Subject: Re: Pipelining and recent sftp upload improvements

Re: Pipelining and recent sftp upload improvements

From: Will Cosgrove <>
Date: Fri, 3 Dec 2010 10:24:22 -0800

>> The advantages of this is that you can call write_async_begin say, 10 times in a row, then starting draining the acks using write_async, this minimizes network latency (aka sitting on a select() call) and does a better job maxing out available bandwidth.
> Advantage compared to the original naive implemention yes, but not to the current SFTP upload code, right?

I have not benchmarked the current code, but I would assume it's similar.

>> The disadvantage is it's more leg-work for the implementor because you have to track the offsets and drain replies manually.
> I actually only see disadvantages with this quirky API as I believe we can reach the same model of sending without forcing this onto our users.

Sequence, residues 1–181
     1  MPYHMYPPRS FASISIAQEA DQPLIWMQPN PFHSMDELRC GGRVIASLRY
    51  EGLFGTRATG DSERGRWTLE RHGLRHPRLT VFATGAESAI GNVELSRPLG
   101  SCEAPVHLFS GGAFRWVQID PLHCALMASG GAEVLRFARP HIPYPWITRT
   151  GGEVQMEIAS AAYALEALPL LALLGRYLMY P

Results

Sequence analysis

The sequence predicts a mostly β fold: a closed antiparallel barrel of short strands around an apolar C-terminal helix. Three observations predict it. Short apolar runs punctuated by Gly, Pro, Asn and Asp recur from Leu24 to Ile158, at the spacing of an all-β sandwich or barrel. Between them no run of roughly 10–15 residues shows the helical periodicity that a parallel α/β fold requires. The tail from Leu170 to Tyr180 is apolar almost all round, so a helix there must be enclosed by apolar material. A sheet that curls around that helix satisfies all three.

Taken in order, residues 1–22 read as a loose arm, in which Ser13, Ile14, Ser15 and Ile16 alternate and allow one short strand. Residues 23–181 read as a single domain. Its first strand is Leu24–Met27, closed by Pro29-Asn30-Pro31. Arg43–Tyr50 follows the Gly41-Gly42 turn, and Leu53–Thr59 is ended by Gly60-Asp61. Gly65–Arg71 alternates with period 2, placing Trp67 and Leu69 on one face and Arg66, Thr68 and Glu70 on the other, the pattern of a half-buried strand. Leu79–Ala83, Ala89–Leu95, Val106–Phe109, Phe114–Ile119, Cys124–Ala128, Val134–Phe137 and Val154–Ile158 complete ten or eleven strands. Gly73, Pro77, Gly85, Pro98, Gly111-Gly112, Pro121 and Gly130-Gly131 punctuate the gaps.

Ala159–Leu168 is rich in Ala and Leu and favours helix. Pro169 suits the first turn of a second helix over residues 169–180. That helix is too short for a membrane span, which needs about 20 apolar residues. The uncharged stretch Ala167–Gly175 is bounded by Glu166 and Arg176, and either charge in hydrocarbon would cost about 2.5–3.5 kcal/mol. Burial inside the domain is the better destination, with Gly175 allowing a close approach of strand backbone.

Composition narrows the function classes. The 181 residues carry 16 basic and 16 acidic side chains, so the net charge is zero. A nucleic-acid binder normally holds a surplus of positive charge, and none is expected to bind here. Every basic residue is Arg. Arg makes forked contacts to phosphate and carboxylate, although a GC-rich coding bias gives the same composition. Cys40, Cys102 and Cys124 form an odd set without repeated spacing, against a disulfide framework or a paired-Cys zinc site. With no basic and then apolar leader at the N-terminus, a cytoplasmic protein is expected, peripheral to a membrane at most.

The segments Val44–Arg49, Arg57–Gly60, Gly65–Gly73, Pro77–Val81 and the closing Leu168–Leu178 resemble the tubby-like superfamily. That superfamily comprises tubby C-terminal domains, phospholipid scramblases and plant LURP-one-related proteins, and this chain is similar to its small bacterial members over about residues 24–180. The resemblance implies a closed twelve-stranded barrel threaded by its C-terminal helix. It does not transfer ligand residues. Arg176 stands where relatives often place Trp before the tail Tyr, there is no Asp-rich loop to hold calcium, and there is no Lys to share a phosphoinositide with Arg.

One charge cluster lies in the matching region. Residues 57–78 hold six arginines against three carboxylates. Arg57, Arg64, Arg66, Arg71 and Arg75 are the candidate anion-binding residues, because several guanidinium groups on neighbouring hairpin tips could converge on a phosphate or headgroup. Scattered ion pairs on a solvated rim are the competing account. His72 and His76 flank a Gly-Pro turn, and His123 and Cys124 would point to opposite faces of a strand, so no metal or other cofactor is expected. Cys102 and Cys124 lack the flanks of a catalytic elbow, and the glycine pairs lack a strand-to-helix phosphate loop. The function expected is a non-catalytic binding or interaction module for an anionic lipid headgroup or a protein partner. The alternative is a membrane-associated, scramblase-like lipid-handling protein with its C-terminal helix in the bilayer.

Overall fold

The main reason I wrote it like this was to be able to merge with new releases without modifying the current API/code.

>> Thinking out loud, it might be worth adding a convenance API that takes a file path and does all this 'behind-the-scences' like the openssh do_upload/do_download methods do.
> Why? What is so bad with my current approach? It certainly maintains a very simple and familiar API to users (not to mention unmodified) and yet it should be possible to reach at least roughly the same throughput.

Your approach is good, I would have used it if I had known about it before I wrote my own API. :) But I still think a new API that does *all* the legwork of uploading/downloading a file would be useful. It seems like the logical next step if end users don't have to do anything but pass in a file path.


Received on 2010-12-03